Oslo, August 31st ★★½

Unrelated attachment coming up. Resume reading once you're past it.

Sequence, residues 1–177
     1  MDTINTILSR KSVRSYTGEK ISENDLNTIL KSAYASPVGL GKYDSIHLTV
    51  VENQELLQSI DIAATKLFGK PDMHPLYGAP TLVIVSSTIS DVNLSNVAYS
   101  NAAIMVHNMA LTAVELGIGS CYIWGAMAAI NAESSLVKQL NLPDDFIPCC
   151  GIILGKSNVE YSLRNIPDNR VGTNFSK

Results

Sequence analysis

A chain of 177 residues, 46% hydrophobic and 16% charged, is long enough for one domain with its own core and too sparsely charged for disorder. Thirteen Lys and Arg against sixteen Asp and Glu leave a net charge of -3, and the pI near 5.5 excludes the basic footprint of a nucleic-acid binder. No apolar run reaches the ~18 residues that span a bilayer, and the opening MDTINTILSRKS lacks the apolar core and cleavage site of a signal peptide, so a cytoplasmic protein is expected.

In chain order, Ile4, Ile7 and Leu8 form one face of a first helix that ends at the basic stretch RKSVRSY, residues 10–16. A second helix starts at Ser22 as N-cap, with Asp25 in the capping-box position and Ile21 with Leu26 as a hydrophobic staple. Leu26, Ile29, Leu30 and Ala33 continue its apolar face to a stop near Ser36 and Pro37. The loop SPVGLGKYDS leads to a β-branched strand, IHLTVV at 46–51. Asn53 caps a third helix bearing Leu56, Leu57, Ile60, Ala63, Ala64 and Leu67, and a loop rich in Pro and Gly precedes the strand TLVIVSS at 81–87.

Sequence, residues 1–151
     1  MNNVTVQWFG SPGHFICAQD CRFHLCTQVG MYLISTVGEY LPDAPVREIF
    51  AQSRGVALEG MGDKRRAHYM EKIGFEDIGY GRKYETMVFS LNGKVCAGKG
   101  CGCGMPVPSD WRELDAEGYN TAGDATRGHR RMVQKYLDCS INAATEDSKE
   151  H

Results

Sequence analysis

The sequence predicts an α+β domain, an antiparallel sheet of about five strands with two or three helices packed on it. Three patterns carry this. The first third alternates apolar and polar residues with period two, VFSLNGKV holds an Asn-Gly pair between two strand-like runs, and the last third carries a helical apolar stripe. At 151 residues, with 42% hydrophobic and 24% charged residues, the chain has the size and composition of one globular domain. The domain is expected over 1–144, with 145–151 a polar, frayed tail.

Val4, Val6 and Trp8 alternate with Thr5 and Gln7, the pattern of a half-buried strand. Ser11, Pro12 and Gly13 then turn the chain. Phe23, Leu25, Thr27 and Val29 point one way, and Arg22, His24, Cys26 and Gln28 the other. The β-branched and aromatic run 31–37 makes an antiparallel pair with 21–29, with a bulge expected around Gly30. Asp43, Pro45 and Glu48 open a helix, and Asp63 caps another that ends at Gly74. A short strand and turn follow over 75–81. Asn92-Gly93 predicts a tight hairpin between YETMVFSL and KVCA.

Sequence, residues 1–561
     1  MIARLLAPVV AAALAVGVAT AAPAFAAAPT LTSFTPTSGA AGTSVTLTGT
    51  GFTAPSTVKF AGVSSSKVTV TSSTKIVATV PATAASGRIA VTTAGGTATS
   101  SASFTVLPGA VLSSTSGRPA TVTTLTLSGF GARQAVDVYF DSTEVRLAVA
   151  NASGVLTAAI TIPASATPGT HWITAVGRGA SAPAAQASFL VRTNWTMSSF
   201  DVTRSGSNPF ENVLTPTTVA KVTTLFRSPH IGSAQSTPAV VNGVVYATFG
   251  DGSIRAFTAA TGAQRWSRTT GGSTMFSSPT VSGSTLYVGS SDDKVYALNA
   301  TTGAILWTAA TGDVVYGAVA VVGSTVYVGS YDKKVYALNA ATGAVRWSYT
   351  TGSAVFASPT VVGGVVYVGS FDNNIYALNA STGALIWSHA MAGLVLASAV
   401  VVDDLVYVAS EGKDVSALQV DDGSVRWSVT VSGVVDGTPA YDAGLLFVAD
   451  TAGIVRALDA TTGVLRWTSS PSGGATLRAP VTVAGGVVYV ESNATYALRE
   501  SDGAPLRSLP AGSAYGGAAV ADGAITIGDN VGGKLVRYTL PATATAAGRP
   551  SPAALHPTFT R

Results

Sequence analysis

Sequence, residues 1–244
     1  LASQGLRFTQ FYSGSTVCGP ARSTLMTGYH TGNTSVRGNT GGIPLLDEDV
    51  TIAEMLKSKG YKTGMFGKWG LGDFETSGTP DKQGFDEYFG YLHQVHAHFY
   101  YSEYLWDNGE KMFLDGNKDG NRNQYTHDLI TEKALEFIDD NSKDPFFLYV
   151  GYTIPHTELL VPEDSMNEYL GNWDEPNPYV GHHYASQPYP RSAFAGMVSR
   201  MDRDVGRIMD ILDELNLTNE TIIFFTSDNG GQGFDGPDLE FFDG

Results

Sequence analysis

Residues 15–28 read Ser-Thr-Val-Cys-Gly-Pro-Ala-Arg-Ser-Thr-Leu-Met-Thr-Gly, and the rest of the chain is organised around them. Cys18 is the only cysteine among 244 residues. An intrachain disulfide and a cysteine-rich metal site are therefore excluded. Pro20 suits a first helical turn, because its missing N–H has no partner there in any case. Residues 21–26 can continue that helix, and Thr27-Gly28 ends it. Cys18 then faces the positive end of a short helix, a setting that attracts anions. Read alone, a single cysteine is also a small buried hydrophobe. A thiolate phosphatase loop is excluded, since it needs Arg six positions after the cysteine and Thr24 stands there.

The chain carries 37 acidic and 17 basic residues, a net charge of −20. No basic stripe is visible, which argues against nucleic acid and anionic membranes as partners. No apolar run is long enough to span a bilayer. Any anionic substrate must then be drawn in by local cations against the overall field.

A bit of a lost cause, which is why I avoided it for over a year. Movies about drug addicts have a monotonous sameness about them, so I was encouraged at the outset that the protagonist was six months clean; given the title, an Aristotelian time frame seemed a safe assumption, hence there was reason to hope that we might not be subjected to the usual relapse. Bzzt. Worse than that, though, the first third or so—scenes between Anders and his writer pal—cross over into another of my least favorite "genres": the therapy movie, which finds the characters talking openly and earnestly about their feelings in a way that's inimical to drama. We've already established that Anders is suicidal, via an opening scene in which he attempts suicide; nothing is less interesting than the reasons why he feels life is no longer worth living, except maybe the other dude's predictably hapless efforts to cheer him up. Still, the film does feature one extraordinary stretch right in the middle. First, the job interview, which beautifully confounds expectation when the potential employer takes Anders' confession in relative stride, reacting not like a stock authority figure but like a real, compassionate human being. And then the magnificent café sequence, which plays like the depressive flipside of In the City of Sylvia, bombarding self-pitying Anders with the banal chatter of people whose troubles are likely no more or less crippling than his own. Thought Trier had made an impressive recovery, but the excitement was short-lived, as I would have realized had I known that Oslo is loosely based on the same novel as Malle's The Fire Within, which I didn't like either. Once he knocked on his dealer's door, check please.